AWS Compute Blog

Tag: contributed

Example of hierarchical levels of abstraction

Extending SaaS products with serverless functions

As customers increasingly use SaaS solutions in their businesses, they want the same customization and extensibility available in on-premises solutions. SaaS partners have developed APIs and integration hooks to help address this need. For more sophisticated customization, products enable custom code to run within their SaaS workflows.

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Building a Jenkins Pipeline with AWS SAM

This post is courtesy of Tarun Kumar Mall, SDE at AWS. This post shows how to set up a multi-stage pipeline on a Jenkins host for a serverless application, using the AWS Serverless Application Model (AWS SAM). Overview This tutorial uses Jenkins Pipeline plugin. A commit to the main branch of the repository starts and […]

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MongoDB clusters UI

Ingesting MongoDB Atlas data using Amazon EventBridge

This post demonstrates how to connect MongoDB Atlas data with the AWS Cloud using Amazon EventBridge. EventBridge helps you connect data from a range of SaaS applications using minimal code. It can help reduce operational overhead and build powerful event-driven architectures more easily. For more information about integrating data between SaaS applications, see Amazon EventBridge.

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Reference architecture

Automating mutual TLS setup for Amazon API Gateway

Mutual TLS (mTLS) for API Gateway is now generally available at no additional cost. This post shows how to automate mutual TLS for Amazon API Gateway HTTP APIs using the AWS Certificate Manager Private Certificate Authority as a private CA. Using infrastructure as code (IaC) enables you to develop, deploy, and scale cloud applications, often with greater speed, less risk, and reduced cost.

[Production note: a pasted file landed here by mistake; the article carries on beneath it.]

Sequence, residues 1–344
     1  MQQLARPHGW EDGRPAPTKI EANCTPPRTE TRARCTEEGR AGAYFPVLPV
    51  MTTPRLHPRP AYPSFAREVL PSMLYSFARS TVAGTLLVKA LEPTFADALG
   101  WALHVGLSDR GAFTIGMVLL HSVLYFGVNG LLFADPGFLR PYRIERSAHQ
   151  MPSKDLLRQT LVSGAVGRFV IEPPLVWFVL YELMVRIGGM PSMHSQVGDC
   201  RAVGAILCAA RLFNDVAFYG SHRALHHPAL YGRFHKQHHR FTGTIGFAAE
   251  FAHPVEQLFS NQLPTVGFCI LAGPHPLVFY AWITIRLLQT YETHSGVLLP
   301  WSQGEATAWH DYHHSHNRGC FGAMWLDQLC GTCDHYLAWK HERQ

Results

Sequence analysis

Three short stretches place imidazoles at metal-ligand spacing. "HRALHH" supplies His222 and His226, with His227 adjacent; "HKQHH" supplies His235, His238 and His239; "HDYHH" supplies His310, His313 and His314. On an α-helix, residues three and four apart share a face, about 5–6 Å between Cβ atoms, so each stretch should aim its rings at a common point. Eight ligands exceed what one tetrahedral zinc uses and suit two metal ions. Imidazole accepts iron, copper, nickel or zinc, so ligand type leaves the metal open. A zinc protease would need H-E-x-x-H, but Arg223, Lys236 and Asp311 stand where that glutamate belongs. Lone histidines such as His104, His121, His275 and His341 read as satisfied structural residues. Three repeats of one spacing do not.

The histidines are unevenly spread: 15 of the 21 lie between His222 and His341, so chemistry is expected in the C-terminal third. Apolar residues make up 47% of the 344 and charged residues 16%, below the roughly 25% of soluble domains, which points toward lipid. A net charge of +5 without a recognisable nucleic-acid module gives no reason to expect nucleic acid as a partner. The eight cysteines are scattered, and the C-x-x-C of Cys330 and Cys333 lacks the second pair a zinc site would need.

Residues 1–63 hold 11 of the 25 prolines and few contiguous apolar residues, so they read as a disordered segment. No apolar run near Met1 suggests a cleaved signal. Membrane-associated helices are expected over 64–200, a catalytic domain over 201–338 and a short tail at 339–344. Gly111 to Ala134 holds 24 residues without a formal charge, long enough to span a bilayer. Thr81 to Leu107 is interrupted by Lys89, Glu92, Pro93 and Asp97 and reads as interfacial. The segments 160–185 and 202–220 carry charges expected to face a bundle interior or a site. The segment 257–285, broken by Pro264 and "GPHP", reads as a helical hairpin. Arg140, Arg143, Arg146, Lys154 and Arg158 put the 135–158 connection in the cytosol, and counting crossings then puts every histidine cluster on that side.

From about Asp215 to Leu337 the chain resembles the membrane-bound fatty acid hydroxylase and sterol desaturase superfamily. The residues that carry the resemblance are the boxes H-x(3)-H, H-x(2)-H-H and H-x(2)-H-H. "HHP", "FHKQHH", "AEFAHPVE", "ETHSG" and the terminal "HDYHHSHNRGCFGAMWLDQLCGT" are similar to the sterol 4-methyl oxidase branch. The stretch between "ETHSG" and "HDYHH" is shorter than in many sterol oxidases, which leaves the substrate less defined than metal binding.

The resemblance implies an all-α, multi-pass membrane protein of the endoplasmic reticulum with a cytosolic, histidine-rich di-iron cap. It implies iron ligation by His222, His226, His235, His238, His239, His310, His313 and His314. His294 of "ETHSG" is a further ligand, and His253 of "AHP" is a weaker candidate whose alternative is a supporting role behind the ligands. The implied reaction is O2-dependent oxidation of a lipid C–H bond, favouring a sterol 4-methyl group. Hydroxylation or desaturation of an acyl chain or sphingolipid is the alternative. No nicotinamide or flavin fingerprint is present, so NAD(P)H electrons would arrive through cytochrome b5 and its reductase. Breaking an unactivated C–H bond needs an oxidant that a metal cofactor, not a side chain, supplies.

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Solution architecture

Using Amazon SQS dead-letter queues to replay messages

This is courtesy of Alexandre Pinhel, Specialist SA Manager, in collaboration with Guillaume Marchand and Luke Hargreaves, Solutions Architects. Amazon Simple Queue Service (Amazon SQS) is a fully managed message queuing service. It enables you to decouple and scale microservices, distributed systems, and serverless applications. A commonly used feature of Amazon SQS is dead-letter queues. The […]

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Walkthrough architecture

Simplifying cross-account access with Amazon EventBridge resource policies

This post shows you how to use the new features Amazon EventBridge resource policies that make it easier to build applications that work across accounts.  Resource policies provide you with a powerful mechanism for modeling your event buses across multiple accounts, and give you fine-grained control over EventBridge API invocations.

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